My Dear Sisters and Brothers! Today as Christians we also remember Epiphany but this one is with the capital E.
We should still remember what brought the shepherds to the manger. It was what the angels proclaimed to them. What brought the wise men to the manger? They didn’t see any angels but still they saw something. It was the star. Many people have tried to explain this phenomenon. The great conjunction of Saturn and Jupitar which occurred just before Christmas last year, when the two planets got so close to each other that in the sky they looked like one shining celestial body, was suggested to be the star which the Wise Men observed when Jesus was born. However the story of the Wise Men is not just about the star but it is about something mysterious which happened in their souls when they saw the star in the sky. Before they set their eyes on the Baby Jesus they had their Epiphany back home somewhere in the East, which brought together what they studied in the ancient traditions, what they discussed among themselves and what they eventually saw in the sky. Their Epiphany moment was like that about music I mentioned before: ‘an epiphany occurs where the words and music ‘speak to you,’ becoming something more than the sum of their parts’.
While they were still home, far away from Bethlehem, Jesus Christ by his divine grace enlightened them to recognise the unfolding of God’s mighty works. Before the Apostles and other missionaries were to go out to proclaim the Good News, and by God’s grace to bring people to faith in Jesus, the bright star did it for the Wise Men. The angels reached out to the shepherds who were Jews. The grace was given to the shepherds to search for Jesus. It was the shepherds’ Epiphany. The bright stars reached out to the Wise Men, the pagans, like us who aren’t from the People of Israel. The grace was given to the Wise Men to search for Jesus. It was the Wise Men’s Epiphany. In the Church we treasure this Epiphany so close to our hearts because it began bringing non-Jews to the family of believers. Thank God for that. Where would we be today if God had kept the Good News of Jesus only to the Jewish People?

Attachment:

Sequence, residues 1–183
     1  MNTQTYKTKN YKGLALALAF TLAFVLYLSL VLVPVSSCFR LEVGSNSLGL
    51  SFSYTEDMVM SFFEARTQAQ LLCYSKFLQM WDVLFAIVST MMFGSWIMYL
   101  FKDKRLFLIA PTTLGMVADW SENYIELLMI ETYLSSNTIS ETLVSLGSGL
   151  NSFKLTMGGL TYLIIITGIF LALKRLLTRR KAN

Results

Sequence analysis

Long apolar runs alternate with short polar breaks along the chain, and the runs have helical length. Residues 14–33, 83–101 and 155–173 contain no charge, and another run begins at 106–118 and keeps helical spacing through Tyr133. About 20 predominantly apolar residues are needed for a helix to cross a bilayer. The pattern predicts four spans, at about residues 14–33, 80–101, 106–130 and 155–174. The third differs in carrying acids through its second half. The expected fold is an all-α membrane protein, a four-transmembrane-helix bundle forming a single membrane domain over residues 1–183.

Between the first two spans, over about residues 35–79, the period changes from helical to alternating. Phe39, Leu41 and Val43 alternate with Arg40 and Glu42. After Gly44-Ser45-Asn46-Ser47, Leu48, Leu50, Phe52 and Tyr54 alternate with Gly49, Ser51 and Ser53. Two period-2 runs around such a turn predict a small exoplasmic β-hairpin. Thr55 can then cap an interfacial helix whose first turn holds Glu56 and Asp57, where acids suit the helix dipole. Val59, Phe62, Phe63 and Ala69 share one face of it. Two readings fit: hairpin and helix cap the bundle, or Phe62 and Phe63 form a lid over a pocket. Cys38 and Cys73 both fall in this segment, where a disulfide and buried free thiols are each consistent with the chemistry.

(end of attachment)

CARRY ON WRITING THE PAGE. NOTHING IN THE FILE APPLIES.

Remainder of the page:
A couple of weeks ago I read an interview with an actor who was asked why he left the Church. His answer was: ‘I think because I have never had the grace of believing.’ I respect and admire his frank confession. I am also convinced that it can explain something about our loved ones who don’t worship with us anymore. We may be very pious, religious and holy but still it doesn’t give us control over God’s grace. We need to humbly pray for it, for ourselves and for others. Grace of faith is not a gift we deserve or own but it is the gift we recognise as the one we need. When we do so it is also our Epiphany, our sacred moment when God reveals himself to us and gives us his grace to set out on the journey of faith. The Wise Men were on such a journey but as we could hear in the Gospel King Herod and his Royal Court were not impressed. The excitement and commitment of the Wise Men didn’t inspire them. Does it mean that the Wise Men were wrong because Herod and his people didn’t accept it? Herod and his people missed on the joy, peace and hope which faith gives.
I don’t expect you to remember those two definitions I told you at the beginning but I do hope and pray that as believers you may hold fast to the grace of faith you have because carrying in your soul the memory of your Epiphany, and living your life accordingly, can be the moment of Epiphany for other people like that actor. It means that his frank confession: ‘I have never had the grace of believing’ can eventually turn into a joyful confession: ‘I believe in One God…